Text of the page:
Affordable housing is about access

Five and a half years ago a housing crisis provoked our worst recession since the Great Depression. Since that time, much progress has been made. Home sales are rebounding, foreclosures are down, and homeowner equity is rising.

Despite these signs of improvement, the housing market recovery remains uneven. Six million Americans still owe more than their homes are worth, construction workers are overrepresented among the unemployed, and affordable housing — whether one is buying or renting — remains out of reach for many.

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We have not yet completely turned the page on this crisis, and we need to. If we want to see full economic growth, we must address these lingering effects that undermine access to credit, reduce affordability, and erode trust in our capital markets. Here is how we can begin to do that: Put in place rules of the road that create clarity and transparency.

Clearly, passing housing finance reform legislation offers the most comprehensive solution. Recent progress in the Senate represents a good start. With housing finance reform in place, there would be no question about the existence of a government guarantee, ensuring that we avoid the private gains and public losses of the past system. Housing finance reform would establish clear rules, encourage the return of private capital, and end the outsized influence of Fannie and Freddie. It would implement a housing policy that is appropriately focused on accessibility and affordability and that effectively balances rental housing and homeownership. By far, the most important step the government can take to get housing back on the right track is to pass housing finance reform.

Passing housing finance reform legislation will take time. While that work proceeds, we cannot remain idle. We must take steps to resolve one of the most pressing problems — increasing access to affordable housing.

Whether you are renting or buying, finding affordable housing can be tough. If you have less than perfect credit and want to purchase, it is hard to get a loan.  Currently, the average credit score for loans backed by Fannie and Freddie is above 740. Yet 13 million Americans have scores ranging between 580 and 680 — too low to qualify for a government-backed loan through the government-sponsored enterprises. We also face a shortage of affordable rental housing. According to Harvard’s Joint Center for Housing Studies in 2012, roughly half of all renters spent at least 30 cents of every dollar on housing.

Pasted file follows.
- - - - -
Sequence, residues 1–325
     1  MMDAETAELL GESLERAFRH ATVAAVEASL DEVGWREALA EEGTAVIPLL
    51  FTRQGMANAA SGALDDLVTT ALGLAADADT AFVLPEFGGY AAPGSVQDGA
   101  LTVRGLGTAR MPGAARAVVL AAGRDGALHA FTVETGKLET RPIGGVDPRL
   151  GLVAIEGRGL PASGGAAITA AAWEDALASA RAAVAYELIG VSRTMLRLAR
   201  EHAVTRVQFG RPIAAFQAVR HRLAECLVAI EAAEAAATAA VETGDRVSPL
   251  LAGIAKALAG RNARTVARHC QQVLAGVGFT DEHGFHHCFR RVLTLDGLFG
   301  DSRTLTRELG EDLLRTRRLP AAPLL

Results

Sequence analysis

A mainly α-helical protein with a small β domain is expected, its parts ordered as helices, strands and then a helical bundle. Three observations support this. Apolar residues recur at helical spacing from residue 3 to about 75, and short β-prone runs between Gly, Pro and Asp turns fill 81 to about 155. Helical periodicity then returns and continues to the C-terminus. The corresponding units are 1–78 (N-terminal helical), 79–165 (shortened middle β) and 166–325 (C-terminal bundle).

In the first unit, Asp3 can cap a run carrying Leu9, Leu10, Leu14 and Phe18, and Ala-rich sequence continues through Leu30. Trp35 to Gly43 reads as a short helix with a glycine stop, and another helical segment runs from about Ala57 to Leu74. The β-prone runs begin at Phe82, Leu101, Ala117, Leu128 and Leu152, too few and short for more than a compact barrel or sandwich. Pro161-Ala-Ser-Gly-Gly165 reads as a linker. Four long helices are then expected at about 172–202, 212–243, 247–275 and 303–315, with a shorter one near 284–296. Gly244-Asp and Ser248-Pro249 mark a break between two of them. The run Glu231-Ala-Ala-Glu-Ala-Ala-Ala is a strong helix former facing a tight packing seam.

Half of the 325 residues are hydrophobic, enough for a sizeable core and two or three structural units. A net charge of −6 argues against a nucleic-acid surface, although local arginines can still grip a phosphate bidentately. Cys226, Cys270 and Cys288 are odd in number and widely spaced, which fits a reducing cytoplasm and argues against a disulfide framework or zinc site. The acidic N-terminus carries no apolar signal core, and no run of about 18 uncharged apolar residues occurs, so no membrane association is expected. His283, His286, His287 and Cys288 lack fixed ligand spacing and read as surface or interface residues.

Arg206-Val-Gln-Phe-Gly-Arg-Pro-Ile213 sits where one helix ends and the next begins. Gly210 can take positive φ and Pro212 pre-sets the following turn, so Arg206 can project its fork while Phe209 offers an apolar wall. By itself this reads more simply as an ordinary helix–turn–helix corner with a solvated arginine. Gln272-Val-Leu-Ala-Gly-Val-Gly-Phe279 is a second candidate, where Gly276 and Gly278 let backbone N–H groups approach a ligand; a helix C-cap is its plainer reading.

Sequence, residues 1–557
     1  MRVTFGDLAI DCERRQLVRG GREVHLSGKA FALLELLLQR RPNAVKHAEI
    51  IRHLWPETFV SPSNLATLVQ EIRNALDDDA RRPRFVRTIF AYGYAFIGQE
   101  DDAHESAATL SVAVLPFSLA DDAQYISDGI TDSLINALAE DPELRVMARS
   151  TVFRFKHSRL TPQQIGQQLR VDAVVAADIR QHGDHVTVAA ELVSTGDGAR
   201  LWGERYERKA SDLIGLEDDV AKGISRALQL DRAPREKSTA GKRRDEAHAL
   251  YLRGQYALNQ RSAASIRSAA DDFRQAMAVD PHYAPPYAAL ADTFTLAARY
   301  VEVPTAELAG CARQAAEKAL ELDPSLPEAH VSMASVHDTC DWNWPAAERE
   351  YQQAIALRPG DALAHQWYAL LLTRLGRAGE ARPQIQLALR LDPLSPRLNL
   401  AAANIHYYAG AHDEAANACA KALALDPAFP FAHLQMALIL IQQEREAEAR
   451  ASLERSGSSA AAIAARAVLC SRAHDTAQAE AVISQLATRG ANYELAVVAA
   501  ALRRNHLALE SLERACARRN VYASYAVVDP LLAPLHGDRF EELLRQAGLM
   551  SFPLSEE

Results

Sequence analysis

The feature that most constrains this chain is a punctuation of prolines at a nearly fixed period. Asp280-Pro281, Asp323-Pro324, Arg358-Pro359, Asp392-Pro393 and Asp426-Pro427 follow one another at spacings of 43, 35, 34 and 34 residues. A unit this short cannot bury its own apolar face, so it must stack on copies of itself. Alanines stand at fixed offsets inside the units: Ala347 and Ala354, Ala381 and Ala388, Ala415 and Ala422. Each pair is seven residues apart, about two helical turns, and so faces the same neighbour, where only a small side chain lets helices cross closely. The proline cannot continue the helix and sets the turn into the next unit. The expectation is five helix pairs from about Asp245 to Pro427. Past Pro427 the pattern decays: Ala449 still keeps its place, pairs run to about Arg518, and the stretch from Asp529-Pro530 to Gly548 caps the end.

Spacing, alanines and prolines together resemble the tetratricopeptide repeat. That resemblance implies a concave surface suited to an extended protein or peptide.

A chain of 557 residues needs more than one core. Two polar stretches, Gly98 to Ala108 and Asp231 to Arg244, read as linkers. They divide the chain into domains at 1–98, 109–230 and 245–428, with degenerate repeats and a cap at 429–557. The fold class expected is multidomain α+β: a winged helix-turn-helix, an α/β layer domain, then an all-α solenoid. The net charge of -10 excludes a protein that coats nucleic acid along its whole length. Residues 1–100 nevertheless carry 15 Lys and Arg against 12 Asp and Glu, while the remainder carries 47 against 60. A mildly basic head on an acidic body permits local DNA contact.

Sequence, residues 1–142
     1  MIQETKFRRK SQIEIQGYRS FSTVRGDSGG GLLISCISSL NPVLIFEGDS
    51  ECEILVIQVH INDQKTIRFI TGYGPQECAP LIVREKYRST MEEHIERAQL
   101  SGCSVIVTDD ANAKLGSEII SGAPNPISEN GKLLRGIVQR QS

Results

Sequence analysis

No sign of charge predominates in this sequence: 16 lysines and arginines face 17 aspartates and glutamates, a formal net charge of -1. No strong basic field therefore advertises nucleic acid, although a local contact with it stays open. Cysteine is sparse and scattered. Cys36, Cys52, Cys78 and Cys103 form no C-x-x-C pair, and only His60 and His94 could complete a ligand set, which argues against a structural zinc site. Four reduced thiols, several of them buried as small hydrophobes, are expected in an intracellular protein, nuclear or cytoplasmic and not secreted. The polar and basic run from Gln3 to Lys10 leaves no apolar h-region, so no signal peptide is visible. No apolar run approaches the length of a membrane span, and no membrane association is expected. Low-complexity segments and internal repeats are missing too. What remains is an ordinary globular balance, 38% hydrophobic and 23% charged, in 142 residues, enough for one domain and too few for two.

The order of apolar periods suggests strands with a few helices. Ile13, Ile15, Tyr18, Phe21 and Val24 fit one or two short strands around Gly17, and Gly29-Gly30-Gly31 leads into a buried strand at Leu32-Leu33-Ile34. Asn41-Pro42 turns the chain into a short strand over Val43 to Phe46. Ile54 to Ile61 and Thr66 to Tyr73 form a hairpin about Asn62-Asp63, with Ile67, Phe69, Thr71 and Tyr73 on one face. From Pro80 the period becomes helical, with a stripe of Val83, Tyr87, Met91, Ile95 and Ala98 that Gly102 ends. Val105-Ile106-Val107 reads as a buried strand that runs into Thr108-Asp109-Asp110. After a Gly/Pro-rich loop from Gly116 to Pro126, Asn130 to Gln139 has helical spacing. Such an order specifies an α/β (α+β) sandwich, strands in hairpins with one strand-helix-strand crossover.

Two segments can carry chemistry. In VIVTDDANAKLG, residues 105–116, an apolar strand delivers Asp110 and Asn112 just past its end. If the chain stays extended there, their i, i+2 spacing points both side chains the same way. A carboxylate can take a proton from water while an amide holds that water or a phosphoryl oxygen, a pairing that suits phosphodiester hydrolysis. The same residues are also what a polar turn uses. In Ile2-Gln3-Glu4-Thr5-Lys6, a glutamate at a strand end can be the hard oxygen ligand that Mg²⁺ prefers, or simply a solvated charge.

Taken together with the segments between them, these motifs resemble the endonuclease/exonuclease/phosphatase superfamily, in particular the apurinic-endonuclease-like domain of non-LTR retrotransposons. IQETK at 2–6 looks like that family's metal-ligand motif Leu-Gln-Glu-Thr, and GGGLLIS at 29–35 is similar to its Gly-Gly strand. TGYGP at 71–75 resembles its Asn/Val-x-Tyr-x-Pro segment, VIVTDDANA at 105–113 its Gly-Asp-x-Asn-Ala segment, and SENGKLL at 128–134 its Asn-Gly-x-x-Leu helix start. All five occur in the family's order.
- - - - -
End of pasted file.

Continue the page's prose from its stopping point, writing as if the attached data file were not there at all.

Helping Americans access affordable housing is a top priority for this administration. Through the efforts of the Federal Housing Administration (FHA) and our federal partners, we are hard at work on a number of significant initiatives aimed at increasing access. That is why we recently launched our “Blueprint for Access,” to increase access and affordability while maintaining positive momentum for he insurance fund. The “Blueprint for Access” is a series of policy changes intended to accomplish two things: expand the use of housing counseling and clarify quality assurance policies.

The housing counseling initiative, Homeowners Armed with Knowledge (HAWK), reduces premiums for first-time borrowers who engage in comprehensive housing counseling. On an FHA loan of $180,000, first-time homebuyers can save as much as $9,800 over the life of the loan. HAWK integrates housing counseling into the homebuying process, increasing affordability and enlarging the pool of informed borrowers.

The FHA and the Treasury Department have joined forces to increase the availability of affordable rental housing. Under this partnership, the Federal Financing Bank (FFB) will finance loans in the FHA’s multifamily risk-share programs. This new partnership will provide a source of long-term capital for multifamily housing at rates significantly below those in the tax-exempt bond market.

Cheaper financing costs will stimulate the creation and preservation of more affordable multifamily housing.

At the same time, the Treasury Department is initiating an effort to facilitate the return of the private label securities market, and the independent Federal Housing Finance Agency has taken steps to reduce uncertainty around re-purchase risk. All of these policies have a common goal: identify and remove obstacles to accessing affordable housing.

Taken together, these efforts will support the housing market by increasing access to mortgage credit and increasing the supply of affordable rental housing. But, none of these is a singular cure. Getting back to normal will take all of this and more. In the end even though we can make a difference piece-by-piece, a comprehensive solution, like housing finance reform, would be a whole lot more effective.

Galante is assistant secretary for Housing and Federal Housing Administration Commissioner.